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Biden the Bolshevik? Vax injury groups, GOP, RFK Jr. challenge social media coercion at SCOTUS

Administration compared to Italian government for punishing Galileo over his "Copernican and heliocentric theories" in Supreme Court briefs against censorship of COVID wrongthink.

Published: February 12, 2024 11:00pm

Around Christmas, advocacy groups for journalists, academics, doctors and big business implored the Supreme Court to withhold giving a lump of coal to public officials for pressuring social media to censor speech on their behalf, citing national security, public health and their own rights.

The week before Valentine's Day, dozens of First and Second Amendment, conservative, medical and COVID-19 vaccine injury groups, as well as a fifth of the House GOP conference and President Biden's top independent challenger, asked the justices for some love.

They flooded SCOTUS with friend-of-the-court briefs supporting Missouri, Louisiana and censored doctors, who replied the previous week to the feds' opening brief in the case from December. The Supreme Court will hear oral arguments in the Murthy v. Missouri case March 18 on whether to reinstate the injunction it stayed against the government.

The feds "now complain that this Court cannot stop them because the government must be allowed to speak freely," an inversion of the First Amendment that would "protect the government’s campaign to constrain private actors," the states and doctors wrote Feb. 2.

There was nothing voluntary about officials' directives to tech platforms to remove even "true but shocking" content, heaping "relentless sarcasm and abuse" on them for moving too slowly and threatening regulatory or even criminal proceedings for noncompliance, the brief says.

The feds object that "anyone could sue whenever" the government silences a speaker under the "right to listen" theory, but "it is not clear why that would be a bad outcome," according to the states and doctors. The high court "routinely expresses the opposite concern" that readers and listeners aren't vindicating their rights because the "economic injury" is too small.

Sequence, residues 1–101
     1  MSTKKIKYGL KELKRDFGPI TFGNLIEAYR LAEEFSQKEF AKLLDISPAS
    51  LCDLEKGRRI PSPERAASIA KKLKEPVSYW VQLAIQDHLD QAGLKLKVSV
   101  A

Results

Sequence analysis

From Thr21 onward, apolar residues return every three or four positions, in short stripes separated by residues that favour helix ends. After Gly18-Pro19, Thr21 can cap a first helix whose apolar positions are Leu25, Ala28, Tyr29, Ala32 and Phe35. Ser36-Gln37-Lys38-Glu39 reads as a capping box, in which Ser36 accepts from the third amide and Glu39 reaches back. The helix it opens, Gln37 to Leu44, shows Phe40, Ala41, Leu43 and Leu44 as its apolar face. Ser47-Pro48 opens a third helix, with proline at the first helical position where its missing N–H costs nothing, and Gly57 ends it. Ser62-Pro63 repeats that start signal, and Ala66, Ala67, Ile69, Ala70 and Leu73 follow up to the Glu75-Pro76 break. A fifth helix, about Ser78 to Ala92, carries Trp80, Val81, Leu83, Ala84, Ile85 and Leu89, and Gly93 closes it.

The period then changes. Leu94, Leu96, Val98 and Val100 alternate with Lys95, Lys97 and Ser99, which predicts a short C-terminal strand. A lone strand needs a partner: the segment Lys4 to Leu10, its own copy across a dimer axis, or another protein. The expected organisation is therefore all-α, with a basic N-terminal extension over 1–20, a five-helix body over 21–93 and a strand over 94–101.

Fifteen states and the Arizona Legislature joined Montana Attorney General Austin Knudsen in defending the legal standing of states under the "relaxed" threshold in First Amendment cases and specifically of Louisiana and Missouri because the "federal censorship campaign" targeted their own social media posts. 

States also have a "quasi-sovereign interest in hearing and engaging with [...] their citizens’ actual views on all manner of public issues, including COVID-19 vaccination policies, mask mandates, and election integrity issues," the brief says.

"Perhaps it will seem like litigation hyperbole, but the fate of the freedom of speech in America may actually depend on this case," repeat censorship target Robert F. Kennedy Jr.'s brief says. 

The parties rely on the wrong "premise," that the case turns on demonstrating "state action" by the feds through the tech platforms, which isn't required for "an injunctive suit against governmental officers," the independent presidential candidate said.

If the high court disagrees, Section 230 of the Communications Decency Act "should play a decisive role" in determining state action, according to Kennedy, citing a 1989 ruling on a similar liability shield law used by the government to pressure railroads to test employees' urine and let itself "participate" in the testing.

House Judiciary Committee Chairman Jim Jordan, R-Ohio, led nearly four dozen GOP lawmakers including six senators in supporting the injunction, which "rightfully halts the Administration’s unlawful conduct" including through threatening Section 230 protections for tech platforms.

Jordan's Weaponization of the Federal Government Subcommittee investigation revealed the private side of the coercion against YouTube, Facebook and more recently Amazon, whose internal communications confirm they took action under government pressure, paired with the "public relations campaign against the companies" led by President Biden himself, the brief says.